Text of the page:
One day, a long time ago in a far away land, my 4th grade music teacher announced “Today, we’re going to learn how to play the flute.”
He walked around the classroom and handed plastic flutes to each student.
My immediate thought: “Where did these flutes come from? Have they been used before? Have other kids before us put their mouths on these flutes?
I sat there at my desk with a confused look on my face. Noticing that something was wrong, the teacher asked me if there was a problem. I voiced my questions out loud. Some of my fellow students rolled their eyes at my obstinacy while the others snickered at my pickiness. Everyone but me seemed to be ready to go with the flow.
The teacher confidently assured me that the flutes, although they had been used before, were thoroughly sanitized and were therefore safe.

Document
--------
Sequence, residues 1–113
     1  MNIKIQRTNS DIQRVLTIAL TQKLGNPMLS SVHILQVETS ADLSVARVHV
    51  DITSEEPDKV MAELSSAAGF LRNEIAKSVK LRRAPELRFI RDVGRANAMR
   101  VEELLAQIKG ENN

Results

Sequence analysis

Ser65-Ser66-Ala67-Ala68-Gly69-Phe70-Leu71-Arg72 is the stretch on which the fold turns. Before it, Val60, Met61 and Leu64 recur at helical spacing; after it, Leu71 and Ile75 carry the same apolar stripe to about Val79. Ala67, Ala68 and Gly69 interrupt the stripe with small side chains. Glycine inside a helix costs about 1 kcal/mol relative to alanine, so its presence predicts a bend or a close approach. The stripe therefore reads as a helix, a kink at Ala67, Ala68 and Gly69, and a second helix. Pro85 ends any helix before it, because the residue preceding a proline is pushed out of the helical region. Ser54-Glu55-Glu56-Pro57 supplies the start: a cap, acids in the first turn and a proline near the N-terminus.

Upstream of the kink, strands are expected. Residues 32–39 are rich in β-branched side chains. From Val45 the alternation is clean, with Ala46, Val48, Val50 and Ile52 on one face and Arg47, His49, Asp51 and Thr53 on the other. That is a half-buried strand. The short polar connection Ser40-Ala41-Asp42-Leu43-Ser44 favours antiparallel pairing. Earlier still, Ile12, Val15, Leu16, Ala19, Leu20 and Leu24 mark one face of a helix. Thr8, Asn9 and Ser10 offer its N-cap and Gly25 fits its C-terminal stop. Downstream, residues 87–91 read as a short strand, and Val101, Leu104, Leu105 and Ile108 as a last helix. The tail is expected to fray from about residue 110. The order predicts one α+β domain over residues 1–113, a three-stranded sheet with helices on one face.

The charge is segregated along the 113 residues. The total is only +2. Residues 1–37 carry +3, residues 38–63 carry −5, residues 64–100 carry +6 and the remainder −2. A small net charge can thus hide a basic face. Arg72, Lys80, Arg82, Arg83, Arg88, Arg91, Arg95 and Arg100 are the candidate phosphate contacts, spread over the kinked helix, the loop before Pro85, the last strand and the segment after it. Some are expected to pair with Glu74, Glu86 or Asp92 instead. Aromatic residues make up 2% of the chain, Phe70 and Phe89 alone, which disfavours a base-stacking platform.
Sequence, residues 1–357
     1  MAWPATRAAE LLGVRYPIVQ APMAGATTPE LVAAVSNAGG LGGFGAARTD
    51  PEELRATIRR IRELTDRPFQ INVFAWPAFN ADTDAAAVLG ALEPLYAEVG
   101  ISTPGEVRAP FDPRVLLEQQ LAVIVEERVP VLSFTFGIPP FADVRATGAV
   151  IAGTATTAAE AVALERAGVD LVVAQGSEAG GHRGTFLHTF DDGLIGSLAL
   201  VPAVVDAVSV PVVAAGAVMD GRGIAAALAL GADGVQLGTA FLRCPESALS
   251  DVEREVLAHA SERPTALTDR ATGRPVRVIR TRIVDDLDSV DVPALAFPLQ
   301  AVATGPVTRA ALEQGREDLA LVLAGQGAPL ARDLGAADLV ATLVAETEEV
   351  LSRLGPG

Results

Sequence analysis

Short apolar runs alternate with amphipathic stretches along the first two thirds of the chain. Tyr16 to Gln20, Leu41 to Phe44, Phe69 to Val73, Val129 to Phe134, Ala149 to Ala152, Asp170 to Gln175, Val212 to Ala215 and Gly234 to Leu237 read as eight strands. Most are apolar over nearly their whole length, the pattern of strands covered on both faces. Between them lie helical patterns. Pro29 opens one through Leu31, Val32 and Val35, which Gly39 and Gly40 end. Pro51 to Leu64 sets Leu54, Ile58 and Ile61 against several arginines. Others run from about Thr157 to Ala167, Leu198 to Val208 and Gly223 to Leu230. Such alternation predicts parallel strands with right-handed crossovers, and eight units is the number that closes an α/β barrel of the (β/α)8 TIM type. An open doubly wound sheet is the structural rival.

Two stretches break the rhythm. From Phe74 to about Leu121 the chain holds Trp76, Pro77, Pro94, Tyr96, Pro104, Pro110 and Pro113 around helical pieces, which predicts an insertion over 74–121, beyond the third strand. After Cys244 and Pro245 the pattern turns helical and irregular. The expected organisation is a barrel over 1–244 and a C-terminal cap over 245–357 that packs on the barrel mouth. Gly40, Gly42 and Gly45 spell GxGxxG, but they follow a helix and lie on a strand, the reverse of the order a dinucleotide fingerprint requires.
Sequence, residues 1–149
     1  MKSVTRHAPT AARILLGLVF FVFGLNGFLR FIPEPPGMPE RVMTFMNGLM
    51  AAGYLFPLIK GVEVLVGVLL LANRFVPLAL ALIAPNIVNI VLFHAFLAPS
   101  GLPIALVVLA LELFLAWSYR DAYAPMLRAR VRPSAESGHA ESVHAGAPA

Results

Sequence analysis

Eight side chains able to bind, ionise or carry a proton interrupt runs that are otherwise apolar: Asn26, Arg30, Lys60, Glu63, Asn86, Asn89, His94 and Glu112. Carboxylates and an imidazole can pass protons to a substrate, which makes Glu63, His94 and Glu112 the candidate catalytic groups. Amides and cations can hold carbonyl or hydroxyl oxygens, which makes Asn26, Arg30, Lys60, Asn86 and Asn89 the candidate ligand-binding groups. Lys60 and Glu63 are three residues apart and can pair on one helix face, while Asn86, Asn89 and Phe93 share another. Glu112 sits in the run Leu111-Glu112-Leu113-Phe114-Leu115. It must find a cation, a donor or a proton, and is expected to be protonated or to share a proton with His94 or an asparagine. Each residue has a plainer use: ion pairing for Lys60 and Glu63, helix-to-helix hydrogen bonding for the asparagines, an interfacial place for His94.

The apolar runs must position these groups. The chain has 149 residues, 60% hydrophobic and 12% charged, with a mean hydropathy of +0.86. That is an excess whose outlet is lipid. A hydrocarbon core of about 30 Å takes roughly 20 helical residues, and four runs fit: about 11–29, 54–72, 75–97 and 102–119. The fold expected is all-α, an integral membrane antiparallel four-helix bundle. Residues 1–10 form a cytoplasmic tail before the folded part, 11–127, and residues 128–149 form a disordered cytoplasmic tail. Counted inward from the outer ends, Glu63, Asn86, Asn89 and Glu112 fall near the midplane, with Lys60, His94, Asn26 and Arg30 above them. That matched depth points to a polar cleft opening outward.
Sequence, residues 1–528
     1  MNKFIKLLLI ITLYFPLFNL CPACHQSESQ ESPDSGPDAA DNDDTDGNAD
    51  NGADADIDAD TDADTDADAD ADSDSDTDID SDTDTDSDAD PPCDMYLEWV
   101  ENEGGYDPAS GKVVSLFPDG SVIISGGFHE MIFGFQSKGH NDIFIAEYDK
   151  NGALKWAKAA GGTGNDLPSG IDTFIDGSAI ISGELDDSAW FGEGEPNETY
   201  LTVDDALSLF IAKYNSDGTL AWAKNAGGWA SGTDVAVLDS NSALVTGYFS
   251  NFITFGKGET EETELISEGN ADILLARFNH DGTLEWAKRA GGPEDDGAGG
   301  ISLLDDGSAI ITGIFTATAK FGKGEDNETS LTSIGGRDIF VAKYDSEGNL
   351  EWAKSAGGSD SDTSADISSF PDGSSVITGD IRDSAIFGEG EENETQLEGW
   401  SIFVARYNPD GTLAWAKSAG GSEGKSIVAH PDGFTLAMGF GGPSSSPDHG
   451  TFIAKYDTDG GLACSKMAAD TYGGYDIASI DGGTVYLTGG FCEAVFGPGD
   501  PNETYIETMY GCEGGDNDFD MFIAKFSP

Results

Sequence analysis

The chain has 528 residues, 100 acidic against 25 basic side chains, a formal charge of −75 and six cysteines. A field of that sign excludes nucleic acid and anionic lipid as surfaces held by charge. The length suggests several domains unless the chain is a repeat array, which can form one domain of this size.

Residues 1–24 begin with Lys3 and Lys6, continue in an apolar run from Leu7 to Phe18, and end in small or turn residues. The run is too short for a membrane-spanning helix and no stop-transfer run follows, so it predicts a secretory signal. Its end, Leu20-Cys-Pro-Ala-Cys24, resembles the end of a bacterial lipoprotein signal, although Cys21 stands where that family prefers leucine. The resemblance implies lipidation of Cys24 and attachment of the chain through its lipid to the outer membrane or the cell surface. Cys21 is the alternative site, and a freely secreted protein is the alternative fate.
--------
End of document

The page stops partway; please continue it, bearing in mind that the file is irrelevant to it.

I wasn’t satisfied. I couldn’t shake the feeling of being grossed out so I requested to not participate. He said it was a mandatory exercise. I told him I wasn’t going to put my mouth on that flute. He allowed me to sit out, but the school called my parents. My dad took my side and offered to buy me a new flute. I came to school the next day with my own brand new instrument.
Guess what happened next:
ALL of the other students saw my flute and requested new ones too. It turns out that many of them were grossed out as well. They felt just as I did, but they didn’t think they had a right to protest.
Long story short, the school ordered new flutes for everyone and allowed the students to keep them when the school session was over. By being grossed out, I literally changed my elementary school history.
Never allow yourself to be fooled by what other people seem to be okay with. If something is distasteful or unacceptable to you, it probably feels that way to someone else. If you suppress your feelings in order to fit in, you’ll miss out on a potential opportunity to change the way things are done.